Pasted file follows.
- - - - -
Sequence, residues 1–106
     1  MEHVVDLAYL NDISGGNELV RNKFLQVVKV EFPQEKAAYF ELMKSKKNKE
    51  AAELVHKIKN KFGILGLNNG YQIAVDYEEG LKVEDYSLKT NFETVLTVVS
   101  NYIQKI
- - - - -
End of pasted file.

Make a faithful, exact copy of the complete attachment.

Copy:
Sequence, residues 1–106
     1  MEHVVDLAYL NDISGGNELV RNKFLQVVKV EFPQEKAAYF ELMKSKKNKE
    51  AAELVHKIKN KFGILGLNNG YQIAVDYEEG LKVEDYSLKT NFETVLTVVS
   101  NYIQKI